No clever segue. I’ve seen this trailer pop up more than a couple of times, but only in out-of-the-way theaters.

The story looks like it’s about a cowboy who got injured, suffers from having seizures, and if he attempts to ride a horse again, it could kill him, and he’s struggling with this reality.

Here’s the cast. Starring, we have Brady Jandreau, making his debut. Congrats, sir.

Now for the crew. Writing and directing is Chloé Zhao, known for short films. Composing the score is Nathan Halpern, known for documentaries. The cinematographer is Joshua James Richards, known for short films. Finally, the editor is Alex O’Flinn, known for THE BAD BATCH (2017).

I have no idea what to make of this film. It looks like it’s a fictional drama, but most of the actors are playing characters with their same real-world names. For example, Brady Jendreau’s character’s name is Brady Blackburn. But… some have completely different names, and some even keep their entire names, like Cat Clifford. So… are these fictionalized versions of themselves? What’s the deal? I don’t know, this is either going to be really good, or really not.

This is my honest opinion of: THE RIDER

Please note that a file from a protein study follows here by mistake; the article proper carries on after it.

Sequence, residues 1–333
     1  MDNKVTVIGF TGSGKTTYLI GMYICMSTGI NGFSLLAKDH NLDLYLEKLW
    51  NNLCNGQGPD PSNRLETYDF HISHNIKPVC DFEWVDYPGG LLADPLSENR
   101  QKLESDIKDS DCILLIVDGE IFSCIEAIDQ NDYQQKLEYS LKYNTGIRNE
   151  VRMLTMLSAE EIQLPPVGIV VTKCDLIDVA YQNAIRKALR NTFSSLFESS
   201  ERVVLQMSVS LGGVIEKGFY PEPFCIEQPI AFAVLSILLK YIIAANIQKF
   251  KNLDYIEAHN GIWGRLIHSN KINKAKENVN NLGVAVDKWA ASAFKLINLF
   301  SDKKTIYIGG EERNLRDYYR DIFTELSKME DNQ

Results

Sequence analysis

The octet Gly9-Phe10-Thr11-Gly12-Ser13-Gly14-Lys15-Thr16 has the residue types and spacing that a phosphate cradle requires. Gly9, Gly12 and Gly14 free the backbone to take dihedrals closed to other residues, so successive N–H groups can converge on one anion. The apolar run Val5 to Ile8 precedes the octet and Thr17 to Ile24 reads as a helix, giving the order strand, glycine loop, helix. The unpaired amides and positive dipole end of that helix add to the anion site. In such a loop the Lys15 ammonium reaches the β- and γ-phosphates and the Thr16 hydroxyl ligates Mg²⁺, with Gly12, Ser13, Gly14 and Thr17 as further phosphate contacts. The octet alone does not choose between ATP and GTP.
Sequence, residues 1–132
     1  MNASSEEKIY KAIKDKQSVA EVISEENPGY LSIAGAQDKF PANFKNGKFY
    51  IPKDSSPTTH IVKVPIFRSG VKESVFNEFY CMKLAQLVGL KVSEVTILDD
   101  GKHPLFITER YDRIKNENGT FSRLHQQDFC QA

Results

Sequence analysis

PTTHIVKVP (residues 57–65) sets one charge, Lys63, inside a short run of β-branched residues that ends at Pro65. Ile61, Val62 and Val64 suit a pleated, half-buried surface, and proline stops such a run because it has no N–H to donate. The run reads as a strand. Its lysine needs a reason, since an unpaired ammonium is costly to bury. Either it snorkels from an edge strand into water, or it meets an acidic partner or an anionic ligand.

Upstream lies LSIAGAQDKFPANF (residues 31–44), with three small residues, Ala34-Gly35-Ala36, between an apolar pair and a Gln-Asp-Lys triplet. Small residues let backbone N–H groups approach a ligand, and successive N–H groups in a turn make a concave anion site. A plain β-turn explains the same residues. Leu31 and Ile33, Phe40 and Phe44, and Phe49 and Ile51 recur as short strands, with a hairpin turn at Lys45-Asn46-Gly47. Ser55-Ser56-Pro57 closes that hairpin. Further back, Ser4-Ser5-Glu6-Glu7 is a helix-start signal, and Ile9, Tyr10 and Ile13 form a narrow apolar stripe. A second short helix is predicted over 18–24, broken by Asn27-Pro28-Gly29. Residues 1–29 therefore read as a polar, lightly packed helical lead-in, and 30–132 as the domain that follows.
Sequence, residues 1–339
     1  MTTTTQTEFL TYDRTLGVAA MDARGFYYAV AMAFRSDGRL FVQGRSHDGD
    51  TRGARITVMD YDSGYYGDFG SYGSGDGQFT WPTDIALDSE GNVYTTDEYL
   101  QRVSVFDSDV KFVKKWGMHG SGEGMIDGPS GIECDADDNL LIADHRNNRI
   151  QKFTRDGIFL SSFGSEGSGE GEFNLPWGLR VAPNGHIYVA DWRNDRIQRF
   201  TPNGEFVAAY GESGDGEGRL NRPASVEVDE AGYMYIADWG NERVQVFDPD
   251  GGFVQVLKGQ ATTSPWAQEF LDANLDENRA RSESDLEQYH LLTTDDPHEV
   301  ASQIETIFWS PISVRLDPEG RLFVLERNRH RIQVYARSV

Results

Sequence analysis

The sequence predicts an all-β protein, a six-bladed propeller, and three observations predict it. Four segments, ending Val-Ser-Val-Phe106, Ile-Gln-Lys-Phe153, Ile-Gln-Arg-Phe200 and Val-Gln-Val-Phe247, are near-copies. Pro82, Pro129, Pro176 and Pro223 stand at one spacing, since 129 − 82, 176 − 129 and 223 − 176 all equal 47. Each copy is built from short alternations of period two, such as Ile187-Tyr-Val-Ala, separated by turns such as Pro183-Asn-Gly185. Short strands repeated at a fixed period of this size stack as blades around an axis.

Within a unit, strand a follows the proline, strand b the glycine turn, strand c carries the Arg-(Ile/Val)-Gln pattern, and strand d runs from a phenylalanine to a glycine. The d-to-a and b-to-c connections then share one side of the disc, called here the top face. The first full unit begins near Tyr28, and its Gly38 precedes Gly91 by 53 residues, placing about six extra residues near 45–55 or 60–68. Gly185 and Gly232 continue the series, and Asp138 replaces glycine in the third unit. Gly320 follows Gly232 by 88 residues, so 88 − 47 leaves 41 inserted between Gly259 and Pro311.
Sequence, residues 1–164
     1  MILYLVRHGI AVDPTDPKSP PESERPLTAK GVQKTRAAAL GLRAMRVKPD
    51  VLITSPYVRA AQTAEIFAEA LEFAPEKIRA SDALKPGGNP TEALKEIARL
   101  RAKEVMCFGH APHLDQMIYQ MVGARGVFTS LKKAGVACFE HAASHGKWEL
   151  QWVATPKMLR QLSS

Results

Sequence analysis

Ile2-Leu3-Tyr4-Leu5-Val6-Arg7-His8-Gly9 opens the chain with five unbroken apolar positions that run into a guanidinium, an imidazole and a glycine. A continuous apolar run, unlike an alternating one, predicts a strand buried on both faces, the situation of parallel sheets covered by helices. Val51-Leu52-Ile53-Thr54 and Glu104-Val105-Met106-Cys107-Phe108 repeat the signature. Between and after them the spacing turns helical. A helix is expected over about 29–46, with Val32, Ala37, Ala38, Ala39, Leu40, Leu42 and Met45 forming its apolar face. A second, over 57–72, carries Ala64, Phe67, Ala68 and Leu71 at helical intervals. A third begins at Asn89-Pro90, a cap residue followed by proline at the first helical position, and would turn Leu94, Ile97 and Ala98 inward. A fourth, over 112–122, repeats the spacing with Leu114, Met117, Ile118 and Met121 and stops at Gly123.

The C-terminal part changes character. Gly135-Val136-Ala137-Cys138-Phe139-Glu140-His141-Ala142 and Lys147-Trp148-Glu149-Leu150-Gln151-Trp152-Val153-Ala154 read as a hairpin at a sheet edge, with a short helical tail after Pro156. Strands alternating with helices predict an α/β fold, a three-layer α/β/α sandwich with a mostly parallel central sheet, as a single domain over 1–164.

(SUMMARY)

After suffering a horrible injury during a rodeo, cowboy Brady Blackburn (Brady Jandreau) recently checked himself out of the hospital and went home against the wishes of the hospital that wants him to rest. While he recovers, Brady struggles with the reality that he may never ride in a rodeo again, lest he suffer an even worse injury, or even death.

(REVIEW)

Two weeks late, but I’m finally getting this out there. Sowwy! Anyway, this movie was pretty good. I don’t know if I can rave about it like the poster is, but it’s worth it.

The first thing to acknowledge is that this movie really is kind of a pseudo-documentary. Docudrama, I think the film savvy community calls them. I say this because the character, Brady Blackburn is basically his own actor, Brady Jandreau, whom both suffered the same horse-related injury, everyone in his family is played by his real-life family, and he has a close relationship with famed former bull rider, Lane Scott, who also plays himself.

Quite honestly, I had it pegged that I wasn’t going to like this movie purely based on the opening visuals. Literally, in my notes, I had already labeled this movie as pretentious. Close-up, slow-mo shots of a horses hooves as it runs, yeah, I get it, movie. Horses are strong animals and do a serious amount of damage. “Don’t fear, but respect its strength.” Well, thankfully it was just that first, what, twelve seconds? The rest of the movie is significantly more heartfelt, and upon thinking about it, these are eventually justified by the end of the movie, so I’ll give it a pass.